A common misconception around unemployment insurance is that it’s a right for all terminated employees, and just a natural cost of business. Because of this, companies overpay millions each year because they don’t follow up with claims or miss important deadlines. Beyond just overpaying claims, the cost to your company increases through tax rates.
You want to effectively manage your unemployment claims, but sometimes that’s easier said than done. You don’t have an employee solely devoted to them and missing a deadline isn’t unusual. You’re aware you might be paying more than you should, but you can’t think of a better alternative. Hiring someone is out of the question and you aren’t sure of a software where you don’t have control over your data.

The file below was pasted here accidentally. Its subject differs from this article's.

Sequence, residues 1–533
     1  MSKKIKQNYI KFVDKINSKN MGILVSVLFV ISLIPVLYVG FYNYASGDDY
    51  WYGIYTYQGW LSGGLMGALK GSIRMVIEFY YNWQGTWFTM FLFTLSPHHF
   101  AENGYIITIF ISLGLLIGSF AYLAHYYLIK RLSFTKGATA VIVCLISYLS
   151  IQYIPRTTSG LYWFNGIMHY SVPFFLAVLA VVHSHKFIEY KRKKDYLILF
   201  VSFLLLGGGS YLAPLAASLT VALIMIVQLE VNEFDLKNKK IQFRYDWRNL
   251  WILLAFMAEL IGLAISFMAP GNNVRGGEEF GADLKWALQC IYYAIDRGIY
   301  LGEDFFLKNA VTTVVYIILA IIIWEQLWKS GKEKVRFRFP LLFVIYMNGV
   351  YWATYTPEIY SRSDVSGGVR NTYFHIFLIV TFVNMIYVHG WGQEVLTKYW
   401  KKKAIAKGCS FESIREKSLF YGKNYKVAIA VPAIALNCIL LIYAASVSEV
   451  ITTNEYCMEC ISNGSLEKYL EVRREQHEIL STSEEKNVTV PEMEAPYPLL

When a former employee files for unemployment insurance, it’s usually because they believe they have a case that shows their firing wasn’t their fault. In certain situations, like layoffs, this is true, but other claims have room for a company to contest. One example is an attendance-based claim. The worker you let go might claim they were fired for being chronically late or not showing up, but they weren’t aware of a policy that prohibited such actions and were never formally reprimanded. When this happens, the easiest path to success is ensuring you have a system in place.
hear the collective groan echoing around the office. Your workers picture a day spent sitting and staring at a PowerPoint presentation. Instead of settling for this style, try these five team-building activities that are sure to make your next meeting more exciting.